With the vast majority of Burnham-On-Sea and Highbridge residents following Government guidance and staying at home during the Coronavirus pandemic, mental health has never been more important.
Somerset Clinical Commissioning Group says staying at home for long periods of time can lead to frustration, boredom or loneliness – and it is important to take care of your mind as well as your body.
Dr Peter Bagshaw, GP and Associate Clinical Director for Mental Health and Learning Disability at the group, said: “We all need to recognise that it’s okay to feel worried, anxious or frustrated. We are living through a very challenging situation which is causing everyone lots of uncertainty and stress.”
“While some people may find staying at home difficult, by doing so we are all helping to protect not only ourselves but our families, neighbours and everyone else.”
“It is completely normal to be concerned about your family, your health and even your finances and your job.”
“How we feel can change from day to day and sometimes from hour to hour. The usual advice to support our mental wellbeing often focuses on getting out and about and socialising with friends or family but obviously this is something none of us should be doing at the moment.”
“But there are still lots of things we can do to help ourselves feel better. We can take one form of exercise outside every day and I heartily encourage you do take advantage of this, whether it’s a walk around your neighbourhood, a bike ride or even a run, getting out in the fresh air even for a short time will boost your mood.”
“And if you can’t leave your house dancing round the living room to your favourite music or being active in the garden can improve your mental wellbeing and your physical health.”
“Spending time with the people who are important to you can support your mental wellbeing and make you feel better. At the current time we can’t meet up face to face, but there are lots of ways to stay connected from the old fashioned letter, to telephone calls, video calls, text messages and online chats. Try to check in with your friends and family regularly.”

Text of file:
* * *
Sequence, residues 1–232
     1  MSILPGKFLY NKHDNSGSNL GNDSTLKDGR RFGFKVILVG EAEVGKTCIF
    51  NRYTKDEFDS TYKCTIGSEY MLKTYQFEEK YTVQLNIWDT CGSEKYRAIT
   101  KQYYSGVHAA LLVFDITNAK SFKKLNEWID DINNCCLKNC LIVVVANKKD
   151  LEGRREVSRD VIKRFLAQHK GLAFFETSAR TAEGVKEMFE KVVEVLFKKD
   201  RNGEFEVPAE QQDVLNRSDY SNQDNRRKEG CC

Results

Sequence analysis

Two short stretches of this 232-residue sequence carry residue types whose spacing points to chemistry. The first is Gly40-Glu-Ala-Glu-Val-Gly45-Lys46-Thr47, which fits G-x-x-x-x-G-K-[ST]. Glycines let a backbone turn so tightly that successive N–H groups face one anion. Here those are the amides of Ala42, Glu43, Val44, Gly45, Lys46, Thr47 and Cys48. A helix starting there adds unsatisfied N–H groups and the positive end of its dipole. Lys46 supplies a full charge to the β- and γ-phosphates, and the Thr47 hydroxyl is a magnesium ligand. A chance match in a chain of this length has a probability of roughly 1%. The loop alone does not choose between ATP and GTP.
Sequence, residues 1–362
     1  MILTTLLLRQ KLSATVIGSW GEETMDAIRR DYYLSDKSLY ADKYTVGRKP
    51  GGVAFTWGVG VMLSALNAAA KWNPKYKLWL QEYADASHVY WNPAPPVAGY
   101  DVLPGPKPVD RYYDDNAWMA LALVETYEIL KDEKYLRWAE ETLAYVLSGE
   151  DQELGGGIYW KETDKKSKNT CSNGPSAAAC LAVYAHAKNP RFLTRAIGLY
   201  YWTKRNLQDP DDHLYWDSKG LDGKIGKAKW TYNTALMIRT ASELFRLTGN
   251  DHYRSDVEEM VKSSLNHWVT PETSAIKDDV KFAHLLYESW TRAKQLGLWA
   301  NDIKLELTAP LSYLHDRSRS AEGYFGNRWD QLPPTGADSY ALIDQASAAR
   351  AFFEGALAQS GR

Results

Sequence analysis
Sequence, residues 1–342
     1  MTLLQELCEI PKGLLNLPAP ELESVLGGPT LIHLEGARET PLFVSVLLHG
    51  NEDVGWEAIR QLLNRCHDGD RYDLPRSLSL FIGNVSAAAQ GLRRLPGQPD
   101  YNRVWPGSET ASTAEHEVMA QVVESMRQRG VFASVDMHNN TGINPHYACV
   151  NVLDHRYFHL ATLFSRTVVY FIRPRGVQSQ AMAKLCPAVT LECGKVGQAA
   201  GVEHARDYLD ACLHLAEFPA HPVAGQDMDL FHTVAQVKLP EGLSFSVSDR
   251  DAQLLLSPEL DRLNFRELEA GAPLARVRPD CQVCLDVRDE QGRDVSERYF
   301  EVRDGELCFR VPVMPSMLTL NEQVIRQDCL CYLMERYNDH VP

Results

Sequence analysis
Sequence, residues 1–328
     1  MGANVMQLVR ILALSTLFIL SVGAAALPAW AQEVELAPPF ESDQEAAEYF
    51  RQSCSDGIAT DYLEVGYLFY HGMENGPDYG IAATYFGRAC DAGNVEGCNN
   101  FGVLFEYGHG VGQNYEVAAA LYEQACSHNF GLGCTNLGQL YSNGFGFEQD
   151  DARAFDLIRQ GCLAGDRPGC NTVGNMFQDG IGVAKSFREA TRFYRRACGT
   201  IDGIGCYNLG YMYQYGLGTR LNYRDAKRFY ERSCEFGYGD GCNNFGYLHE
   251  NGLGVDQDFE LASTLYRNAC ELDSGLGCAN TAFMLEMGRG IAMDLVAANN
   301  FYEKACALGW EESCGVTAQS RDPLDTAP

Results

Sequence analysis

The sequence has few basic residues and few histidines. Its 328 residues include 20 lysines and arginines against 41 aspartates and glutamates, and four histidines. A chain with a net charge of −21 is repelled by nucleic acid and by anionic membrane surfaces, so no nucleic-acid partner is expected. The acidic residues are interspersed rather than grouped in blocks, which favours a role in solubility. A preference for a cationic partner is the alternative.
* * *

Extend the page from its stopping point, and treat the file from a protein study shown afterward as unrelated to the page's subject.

Peter also suggests “rediscovering an old hobby or learning something new. Whether it’s model making, knitting, singing or writing stories, why not give it a go?”
“Challenging yourself to learn a new skill can kick your brain out of unhelpful thought patterns.”
Supporting others is another way we can all help each other feel better, he says.
“Volunteering can help improve your wellbeing as well as making a difference to others. In Somerset we are very proud to have more than 400 volunteers and 40 groups already signed up to support people through the COVID-19 outbreak via the website https://www.corona-helpers.co.uk/.”
“Corona helpers is supported by all the NHS organisations in Somerset as well as Somerset County Council. Managed by Spark Somerset, the website matches volunteers to local COVID-19 support groups in their area. You can join in and support your local community via the website.”
“Everyone’s mental wellbeing changes throughout their life, but it’s important never to just put up with poor mental health. The Every Mind Matters website has a dedicated section on Coronavirus and has lots of simple steps you can follow to look after your mental health and wellbeing.”
The Somerset Mental Health Alliance has expanded its services to support adults and older people who may be struggling with their mental health as the county responds to the coronavirus outbreak.
Somerset Mindline, which provides people with a safe space to talk, has increased the opening hours of its phone line.
If you are concerned about how you are feeling, please contact Somerset Mindline – 01823 276 892 (Monday-Friday 9am-11pm and Saturday-Sunday 8pm-11pm).